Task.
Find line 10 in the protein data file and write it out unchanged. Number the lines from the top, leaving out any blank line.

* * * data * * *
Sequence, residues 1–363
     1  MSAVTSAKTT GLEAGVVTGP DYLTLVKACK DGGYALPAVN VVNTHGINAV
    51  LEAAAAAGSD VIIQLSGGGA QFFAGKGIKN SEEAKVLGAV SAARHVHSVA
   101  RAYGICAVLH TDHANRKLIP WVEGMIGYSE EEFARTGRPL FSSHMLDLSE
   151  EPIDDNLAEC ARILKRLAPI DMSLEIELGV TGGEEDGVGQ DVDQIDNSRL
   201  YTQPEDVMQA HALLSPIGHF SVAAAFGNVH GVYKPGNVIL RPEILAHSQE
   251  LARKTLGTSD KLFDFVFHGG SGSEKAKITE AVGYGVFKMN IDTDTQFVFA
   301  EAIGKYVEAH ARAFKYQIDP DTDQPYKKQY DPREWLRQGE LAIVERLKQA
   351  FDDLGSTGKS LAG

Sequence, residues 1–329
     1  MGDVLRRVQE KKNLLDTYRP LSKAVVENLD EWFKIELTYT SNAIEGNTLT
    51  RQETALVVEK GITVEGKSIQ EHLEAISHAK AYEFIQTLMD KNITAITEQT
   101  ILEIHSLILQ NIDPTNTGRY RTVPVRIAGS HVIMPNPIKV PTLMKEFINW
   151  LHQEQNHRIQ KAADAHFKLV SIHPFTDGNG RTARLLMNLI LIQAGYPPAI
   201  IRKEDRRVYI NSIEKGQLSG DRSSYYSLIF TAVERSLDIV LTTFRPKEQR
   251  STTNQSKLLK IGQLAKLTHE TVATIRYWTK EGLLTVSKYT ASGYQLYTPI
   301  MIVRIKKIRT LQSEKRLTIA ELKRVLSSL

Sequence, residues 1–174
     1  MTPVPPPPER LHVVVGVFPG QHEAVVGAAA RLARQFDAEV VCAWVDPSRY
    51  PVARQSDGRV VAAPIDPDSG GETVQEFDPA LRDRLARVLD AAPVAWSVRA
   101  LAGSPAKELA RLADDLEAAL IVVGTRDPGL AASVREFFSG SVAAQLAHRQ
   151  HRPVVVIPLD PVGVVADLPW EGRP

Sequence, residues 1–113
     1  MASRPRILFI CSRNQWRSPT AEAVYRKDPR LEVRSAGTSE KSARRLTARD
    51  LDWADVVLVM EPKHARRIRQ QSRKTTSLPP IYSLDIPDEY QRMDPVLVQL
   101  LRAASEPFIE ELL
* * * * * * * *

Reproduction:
Sequence, residues 1–329